Find out more about purchasing certified GreenPower. 

New and emerging options

There are a number of new ways to buy renewable energy that are starting to become available. These include virtual power plants, microgrids, Solar Gardens and other ‘offsite solar’ solutions, software platforms offering energy trading and sharing, and investing in community energy projects. If solar is not right for your apartment, or if you install solar on your building but you’re keen to do more, watch this space. Many of these solutions are now in trial or pilot phases, or limited in availability, but may become more widely available as technologies advance and regulations change.  

Other things to consider

There are additional costs involved in complex solar installations like on apartment buildings. Talk to a reputable solar retailer or an independent advisory service like the Yarra Energy Foundation to find out if these will apply to your building. Some of the most common additional charges include:

  • Additional metering and monitoring costs for equipment to allow the solar to be equitably shared between residents. Each apartment typically has its own electricity meter and electricity account, but the rooftop solar system on an apartment block may be shared. If the energy is to be shared across apartments, you may need additional equipment.
  • Additional installation costs for tilt frames, longer cabling, and other hardware to install solar on, for example, a flat roof, a concrete roof, or a tall building.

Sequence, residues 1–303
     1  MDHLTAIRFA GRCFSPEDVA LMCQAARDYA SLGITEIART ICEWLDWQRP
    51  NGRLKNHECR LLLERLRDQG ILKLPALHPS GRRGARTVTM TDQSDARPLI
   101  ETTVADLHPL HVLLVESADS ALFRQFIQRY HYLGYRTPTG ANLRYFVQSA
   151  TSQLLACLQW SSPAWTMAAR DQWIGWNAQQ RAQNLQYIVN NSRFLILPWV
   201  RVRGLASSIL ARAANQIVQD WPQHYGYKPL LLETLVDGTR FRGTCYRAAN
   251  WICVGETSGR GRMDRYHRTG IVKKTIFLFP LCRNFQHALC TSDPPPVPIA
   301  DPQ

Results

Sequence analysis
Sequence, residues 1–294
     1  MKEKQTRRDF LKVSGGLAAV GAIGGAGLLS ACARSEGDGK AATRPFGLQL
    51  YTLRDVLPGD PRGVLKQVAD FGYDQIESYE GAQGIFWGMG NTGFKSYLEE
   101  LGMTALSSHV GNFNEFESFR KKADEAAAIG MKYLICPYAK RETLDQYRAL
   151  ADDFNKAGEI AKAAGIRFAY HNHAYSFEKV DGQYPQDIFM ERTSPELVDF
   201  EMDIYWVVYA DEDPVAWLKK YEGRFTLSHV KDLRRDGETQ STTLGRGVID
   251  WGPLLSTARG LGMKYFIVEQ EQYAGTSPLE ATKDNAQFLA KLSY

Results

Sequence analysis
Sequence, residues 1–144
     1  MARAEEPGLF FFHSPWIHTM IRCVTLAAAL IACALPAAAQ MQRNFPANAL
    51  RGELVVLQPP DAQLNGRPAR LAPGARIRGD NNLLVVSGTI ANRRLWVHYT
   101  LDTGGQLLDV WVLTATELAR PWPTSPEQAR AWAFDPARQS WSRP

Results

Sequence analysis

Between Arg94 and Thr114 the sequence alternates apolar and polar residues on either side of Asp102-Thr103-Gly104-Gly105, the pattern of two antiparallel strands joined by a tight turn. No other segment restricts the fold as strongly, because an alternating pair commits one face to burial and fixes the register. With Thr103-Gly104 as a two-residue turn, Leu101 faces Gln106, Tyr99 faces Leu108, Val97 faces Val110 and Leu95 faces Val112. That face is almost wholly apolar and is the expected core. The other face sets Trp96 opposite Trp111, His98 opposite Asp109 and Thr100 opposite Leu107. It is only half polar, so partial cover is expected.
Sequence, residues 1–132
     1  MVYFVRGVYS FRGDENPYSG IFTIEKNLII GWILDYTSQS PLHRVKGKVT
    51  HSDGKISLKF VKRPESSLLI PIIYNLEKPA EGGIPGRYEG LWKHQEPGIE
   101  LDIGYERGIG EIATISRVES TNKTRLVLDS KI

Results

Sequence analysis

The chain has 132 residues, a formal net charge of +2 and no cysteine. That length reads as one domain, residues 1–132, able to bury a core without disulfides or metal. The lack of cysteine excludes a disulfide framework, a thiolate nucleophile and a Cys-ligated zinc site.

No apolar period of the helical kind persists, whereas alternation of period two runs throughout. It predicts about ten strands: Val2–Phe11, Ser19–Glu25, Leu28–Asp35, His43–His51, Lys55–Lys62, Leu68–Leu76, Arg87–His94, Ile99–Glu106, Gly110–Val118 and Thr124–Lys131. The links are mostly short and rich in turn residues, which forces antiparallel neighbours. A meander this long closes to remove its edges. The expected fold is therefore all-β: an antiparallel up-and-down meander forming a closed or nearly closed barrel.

• Additional installation costs for equipment hire, labour and permitting. Tall buildings may require solar installers to hire equipment and machinery such as cranes, and there may be permitting and labour costs if public property is affected, such as road closures during installation.
  • Additional costs in the planning and approvals stage. For complex installations, you may wish to get independent advice or an independent solar feasibility study from a professional. For some solutions, there may be additional costs for legal advice or regulatory fees.

In most apartments there are a mix of renters and owners. Some solutions overcome this challenge, for example by allowing individual apartments to opt in or out. There are also ways to include tenants and landlords so that both can share the benefit. For more information, see our guidance for rental properties